What's the chest pack like?
Again, it's quite similar to the Simms Headwaters Chest Pack in overall design. The back panel is thickly padded so it's nice and comfy and there are an adjustable waistband and padded and adjustable neck strap to get it into position and stop it flapping around when you walk.
It's fairly comfy to wear. The neck strap isn't quite as soft as the Simms neoprene one, but again, this is a fraction of the price and still pretty decent, and is almost as good. As with any chest pack, if you overload it with fly boxes - as I have a tendency to do - it can give you a bit of neck ache by the end of a long day on the water. However, keep the gear in it to a reasonable minimum and it will be no problem.
What pockets does the chest pack have?
There are two main pockets - a large central pocket, and one on the front. The main pocket has a top-mounted zipper and is big enough to hold a couple of good-sized fly boxes. There's also an internal elasticated pocket on the back of this, which can hold tippet spools, tapered leaders, indicators and any other bits and pieces you're carrying.
The smaller front pocket includes a main compartment, plus two smaller elasticated pockets, which are ideal for things like dry fly desiccant and fly line cleaners or dressings. There really is ample room for everything you need, without the need to use the backpack section for much other than bulk storage of lunch, clothing and spare rods and reels.
Does it have a fly patch?
Yes, the inside of the front compartment includes a large foam fly patch so you can store any used flies. It's Velcro-backed, so you can remove the patch to put away used flies more easily after your trip. The whole front pocket also folds down to create a little flat workbench area which really makes changing flies and leaders a lot easier. This is one of the best things about chest packs and makes them so much better to use than a vest.
Where can I put my nippers and forceps?
One really nice touch is the incorporation of two coiled retractor cords into the sides of the bag. These stow away very neatly leaving only the strong and chunky clips sticking out. They're ideal for holding nippers and forceps and, being built-in, it means you'll save £10-20 on buying retractors separately.
There's nothing to stop the attached items jangling around as you walk, unlike the more expensive chest packs on the market, which use holsters or magnets, but you can tuck nippers and forceps into the elasticated pocket on the front to stop them flapping around.
How does the rod tube work?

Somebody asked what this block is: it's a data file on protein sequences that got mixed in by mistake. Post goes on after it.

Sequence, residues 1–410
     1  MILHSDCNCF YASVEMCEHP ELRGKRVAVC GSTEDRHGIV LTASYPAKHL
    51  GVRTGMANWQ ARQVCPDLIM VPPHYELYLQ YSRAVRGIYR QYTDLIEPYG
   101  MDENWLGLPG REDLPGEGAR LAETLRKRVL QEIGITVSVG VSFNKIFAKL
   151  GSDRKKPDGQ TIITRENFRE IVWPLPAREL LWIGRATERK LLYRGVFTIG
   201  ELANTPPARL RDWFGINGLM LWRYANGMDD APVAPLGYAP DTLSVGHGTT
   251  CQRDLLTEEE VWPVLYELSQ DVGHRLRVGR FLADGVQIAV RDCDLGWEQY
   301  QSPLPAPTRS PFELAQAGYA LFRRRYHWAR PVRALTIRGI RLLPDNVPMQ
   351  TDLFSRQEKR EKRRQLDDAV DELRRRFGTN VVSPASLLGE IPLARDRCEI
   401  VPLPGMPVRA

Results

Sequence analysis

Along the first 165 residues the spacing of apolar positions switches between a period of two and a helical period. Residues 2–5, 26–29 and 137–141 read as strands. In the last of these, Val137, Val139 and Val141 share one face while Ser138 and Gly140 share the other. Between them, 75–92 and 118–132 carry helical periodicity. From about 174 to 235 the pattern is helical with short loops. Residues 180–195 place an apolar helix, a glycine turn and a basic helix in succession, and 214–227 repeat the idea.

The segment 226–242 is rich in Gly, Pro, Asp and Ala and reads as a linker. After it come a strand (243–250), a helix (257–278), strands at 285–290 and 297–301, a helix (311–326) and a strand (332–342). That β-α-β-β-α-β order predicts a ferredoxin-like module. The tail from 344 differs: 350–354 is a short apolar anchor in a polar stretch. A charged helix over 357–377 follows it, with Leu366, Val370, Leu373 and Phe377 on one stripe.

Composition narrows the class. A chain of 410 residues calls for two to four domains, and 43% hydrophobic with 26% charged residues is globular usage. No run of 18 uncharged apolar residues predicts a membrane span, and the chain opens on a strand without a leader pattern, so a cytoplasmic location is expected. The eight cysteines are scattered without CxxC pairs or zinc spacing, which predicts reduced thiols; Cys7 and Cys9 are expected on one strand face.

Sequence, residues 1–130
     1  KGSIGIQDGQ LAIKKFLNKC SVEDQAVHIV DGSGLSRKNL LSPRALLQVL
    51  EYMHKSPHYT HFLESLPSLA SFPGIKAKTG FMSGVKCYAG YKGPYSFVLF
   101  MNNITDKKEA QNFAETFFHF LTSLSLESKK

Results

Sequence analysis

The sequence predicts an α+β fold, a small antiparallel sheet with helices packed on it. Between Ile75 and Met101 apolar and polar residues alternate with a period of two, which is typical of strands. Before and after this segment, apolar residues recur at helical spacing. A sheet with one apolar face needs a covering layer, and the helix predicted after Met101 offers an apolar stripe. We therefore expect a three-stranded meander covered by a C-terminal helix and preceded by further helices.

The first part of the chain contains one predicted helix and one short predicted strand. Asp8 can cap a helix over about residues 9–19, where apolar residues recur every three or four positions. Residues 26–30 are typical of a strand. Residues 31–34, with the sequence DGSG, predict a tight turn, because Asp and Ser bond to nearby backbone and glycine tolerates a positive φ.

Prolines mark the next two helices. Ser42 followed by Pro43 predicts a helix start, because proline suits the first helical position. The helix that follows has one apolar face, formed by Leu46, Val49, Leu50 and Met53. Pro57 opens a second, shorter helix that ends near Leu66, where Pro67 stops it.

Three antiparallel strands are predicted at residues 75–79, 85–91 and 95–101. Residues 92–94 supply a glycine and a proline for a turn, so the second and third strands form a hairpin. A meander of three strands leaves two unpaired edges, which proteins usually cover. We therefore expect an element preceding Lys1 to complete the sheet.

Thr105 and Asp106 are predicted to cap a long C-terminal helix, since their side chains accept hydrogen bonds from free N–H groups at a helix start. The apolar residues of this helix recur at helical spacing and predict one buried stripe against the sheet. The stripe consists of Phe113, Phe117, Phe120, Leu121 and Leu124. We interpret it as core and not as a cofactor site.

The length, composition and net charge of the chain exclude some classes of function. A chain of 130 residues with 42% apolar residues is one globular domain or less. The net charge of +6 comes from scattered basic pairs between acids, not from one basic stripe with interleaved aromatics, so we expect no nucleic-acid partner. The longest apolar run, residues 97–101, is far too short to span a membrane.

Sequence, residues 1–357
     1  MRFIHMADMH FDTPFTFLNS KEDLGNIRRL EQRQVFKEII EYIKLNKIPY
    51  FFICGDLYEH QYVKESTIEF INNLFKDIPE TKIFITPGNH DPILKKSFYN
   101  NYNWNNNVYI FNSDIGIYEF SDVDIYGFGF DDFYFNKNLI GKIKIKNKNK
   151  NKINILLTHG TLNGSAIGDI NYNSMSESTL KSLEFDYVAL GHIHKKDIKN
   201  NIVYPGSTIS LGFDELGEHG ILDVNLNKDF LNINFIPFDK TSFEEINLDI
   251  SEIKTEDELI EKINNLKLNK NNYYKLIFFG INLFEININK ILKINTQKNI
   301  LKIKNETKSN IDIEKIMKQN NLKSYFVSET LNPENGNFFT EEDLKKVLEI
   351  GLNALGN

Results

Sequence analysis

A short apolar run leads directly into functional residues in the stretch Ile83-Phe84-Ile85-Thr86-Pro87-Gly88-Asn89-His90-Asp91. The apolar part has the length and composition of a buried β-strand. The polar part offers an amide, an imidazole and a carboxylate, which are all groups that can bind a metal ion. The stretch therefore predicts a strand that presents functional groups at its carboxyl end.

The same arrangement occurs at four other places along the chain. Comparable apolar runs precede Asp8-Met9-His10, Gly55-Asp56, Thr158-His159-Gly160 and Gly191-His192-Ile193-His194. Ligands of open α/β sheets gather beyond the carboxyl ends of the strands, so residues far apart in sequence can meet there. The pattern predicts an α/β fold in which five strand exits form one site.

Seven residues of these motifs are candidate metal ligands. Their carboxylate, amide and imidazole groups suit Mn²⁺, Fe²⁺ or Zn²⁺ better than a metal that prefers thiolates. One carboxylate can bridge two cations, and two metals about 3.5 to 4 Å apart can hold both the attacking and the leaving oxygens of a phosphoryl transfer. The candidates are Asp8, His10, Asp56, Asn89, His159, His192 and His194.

The Airflo Covert Adventurer includes a Cordura style rod tube finished in the same digital camouflage material as the rest of the combination. The idea is that you can either take your rod with you to the bank in the tube, or you can carry a spare with you and keep it safe and secure on the side of the backpack.
The fairly weighty tube is very solid and should protect rods well if you take a tumble on the bank. The top of the tube is also fitted with a foam pad to protect the tips of the rod sections and it's big enough to take four piece fly rods up to 9' in length. You could, of course, just take this out and use your existing rod tube if you wanted to.
There's a pocket in the bottom left-hand side of the bag designed to take the base of the rod tube, as well as a strap halfway up to hold it in place. If you don't want to carry a rod with you, you can remove the tube and zip up the holder for the rod tube base so everything is stowed away neatly. The pocket for the base of the tube also keeps it from sticking up too high where it might interfere with casting more. It only goes on the left-hand side, so might get in the way if you're a left-handed fly caster.
What's the Airflo Covert Adventurer like to use?
The backpack is ideally sized for all the gear you need for a day on the river. There's plenty of room inside for all your food, water and cooking gear, plus spare clothing, extra reels a spare rod and all the fly boxes you'll need. It's comfortable to carry and lets you bring a spare rod and keep it safe.
The chest pack is particularly good to use. The folding workbench gives easy access to everything you need and it works well as a standalone pack when you don't want to carry the backpack with you. It performs really well for the money.
How much does the Airflo Covert Adventurer cost?
The Airflo Covert Adventurer comes as one big kit, comprising the backpack, chest pack and rod tube and sells for £79.99. While it's arguably not as trendy as the Simms labelled alternative, from a functional perspective, this is very similar indeed - better in places - and it costs a fraction of the price.
It's well stitched together, designed specifically for fly fishers and very good value for money. If you're looking for a combination backpack and chest pack, it's well worth considering this one. It does everything you'll need it to do and looks built to last.
Available from: Fishtec